Hot Springs approves water, sewer rate increases
Hot Springs Mayor Randal Woods presided over a recent meeting about water and sewer rate increases. (Chuck Bandel/Valley Press)
By CHUCK BANDEL
It was a hearing that wasn’t.
Last Monday residents of Hot Springs who wished to voice their opinions about a proposed monthly increase in water and sewer rates were given a chance to do so during a hearing at the Town Hall.
No one showed up except the Mayor, the town Council and a reporter.
With no opposition to the proposal so noted, Hot Springs’ Council adopted the increases.
“We haven’t had an increase in water or sewer rates since 2008,” said Mayor Randal Woods. “Everything involved is getting more expensive and we have to stay on top of keeping the system operational and updated.”
The Council met the night after the hearing and approved the increase in base rates, along with authorizing a two percent increase per year over the next five years.
Woods said the Montana Rural Water agency came to Hot Springs earlier this year and went through expenses, operations and other factors and came up with recommendations to keep the water and sewer systems operating up to state standards.
Woods cited such things as the town’s sewage lagoons, which have outlived their expected effectiveness, fire hydrants that are wearing out and other pieces of the systems infrastructure that have begun failing due to prolonged wear and tear.
“By staying on top of these issues we won’t get behind the eight-ball like we did in 2003,” Woods said of expenditure shortfalls that ultimately forced the town to borrow approximately one million dollars.
The lagoons alone, Woods said, have been operating for 37 years, far more than their projected useful life of 20 years.
Increased testing of ground water supplies and other items, along with increased involvement by the Environmental Protection Agency, have been a factor in pointing out areas of concern, he said.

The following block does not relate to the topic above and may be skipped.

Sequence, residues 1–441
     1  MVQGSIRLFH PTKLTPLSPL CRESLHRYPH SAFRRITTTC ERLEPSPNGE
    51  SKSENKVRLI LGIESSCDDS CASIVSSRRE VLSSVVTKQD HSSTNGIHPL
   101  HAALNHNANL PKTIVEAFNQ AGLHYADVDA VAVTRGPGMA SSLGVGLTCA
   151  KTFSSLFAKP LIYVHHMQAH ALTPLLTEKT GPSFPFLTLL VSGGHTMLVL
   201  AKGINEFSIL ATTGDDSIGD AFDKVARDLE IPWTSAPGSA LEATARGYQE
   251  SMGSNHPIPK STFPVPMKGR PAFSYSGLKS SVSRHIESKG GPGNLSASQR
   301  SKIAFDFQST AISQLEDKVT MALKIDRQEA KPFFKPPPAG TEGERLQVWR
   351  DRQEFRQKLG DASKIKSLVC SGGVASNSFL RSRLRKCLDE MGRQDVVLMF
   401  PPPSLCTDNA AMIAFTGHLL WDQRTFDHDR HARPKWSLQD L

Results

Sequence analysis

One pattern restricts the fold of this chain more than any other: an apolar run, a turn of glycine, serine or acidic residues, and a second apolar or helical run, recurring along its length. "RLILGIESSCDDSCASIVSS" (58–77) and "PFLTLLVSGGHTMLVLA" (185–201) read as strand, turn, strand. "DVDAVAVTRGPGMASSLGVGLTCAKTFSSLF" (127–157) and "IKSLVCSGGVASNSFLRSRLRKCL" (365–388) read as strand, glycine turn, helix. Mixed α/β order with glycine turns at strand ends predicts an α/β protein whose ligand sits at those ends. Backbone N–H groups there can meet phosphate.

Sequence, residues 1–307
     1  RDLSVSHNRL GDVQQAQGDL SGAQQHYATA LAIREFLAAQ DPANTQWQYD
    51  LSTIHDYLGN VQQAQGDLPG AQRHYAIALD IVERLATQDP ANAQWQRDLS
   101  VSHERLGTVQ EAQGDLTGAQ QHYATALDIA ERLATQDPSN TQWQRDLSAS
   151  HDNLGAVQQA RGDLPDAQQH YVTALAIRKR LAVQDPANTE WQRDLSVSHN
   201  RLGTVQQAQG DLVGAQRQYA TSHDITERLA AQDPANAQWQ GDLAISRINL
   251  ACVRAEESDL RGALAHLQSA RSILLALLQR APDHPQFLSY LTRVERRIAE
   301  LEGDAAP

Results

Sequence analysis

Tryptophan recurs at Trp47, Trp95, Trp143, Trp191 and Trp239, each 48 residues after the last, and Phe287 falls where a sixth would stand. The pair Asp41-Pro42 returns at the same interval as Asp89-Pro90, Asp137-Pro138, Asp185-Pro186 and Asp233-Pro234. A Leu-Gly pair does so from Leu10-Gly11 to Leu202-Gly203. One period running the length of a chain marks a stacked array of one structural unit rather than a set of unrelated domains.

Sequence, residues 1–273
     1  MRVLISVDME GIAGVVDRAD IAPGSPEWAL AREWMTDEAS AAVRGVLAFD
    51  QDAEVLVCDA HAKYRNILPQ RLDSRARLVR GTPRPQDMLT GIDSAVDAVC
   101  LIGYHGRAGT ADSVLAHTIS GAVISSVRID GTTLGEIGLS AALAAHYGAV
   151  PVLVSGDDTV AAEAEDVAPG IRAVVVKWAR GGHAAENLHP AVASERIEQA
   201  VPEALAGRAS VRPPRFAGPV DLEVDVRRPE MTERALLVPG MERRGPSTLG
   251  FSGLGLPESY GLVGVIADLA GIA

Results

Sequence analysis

“Times have changed,” Woods said. “It used to be that water and sewer operations was about an hour a day. Now that has risen to at least a half day. Costs for everything have gone up.”
Woods said the hearing, which was announced via notices in water bills prior to the Monday public input session, showed the town did everything it could to get word of the hearing out to the public. A virtual link was also set up to allow for public comment via the internet during the meeting. No one showed up or participated on-line.
He noted that many other towns in the region have experienced similar challenges and expense increases.
“A lot of towns are going through the same thing, like Plains and Thompson Falls,” he said. “You can’t really compare us to other towns because we are all different in some ways but we have to keep ahead of this.”
Under the new rate increases, the base rate for water will increase from its present $23.15 a month to $29.14 a month, while the monthly sewer base rate will rise from $18.90 to $24.91. That works out to $12 a month.
One resident who contacted the Valley Press prior to the meeting had complained that no advance notice of the hearing was given. That resident was not present at the hearing.
The same local citizen had also claimed the town folk needed help because the Mayor had purchase a Humvee military-style vehicle with a machine gun mount on top.
Woods smiled when he explained the Humvee was given to him by a sheriff in the region who had a surplus of the vehicles. The unarmed vehicle will be put to good use, he said.
“We will use it for parades and other similar activities,” Woods said. “It could also be used in the event of a search and rescue. We got it for free.”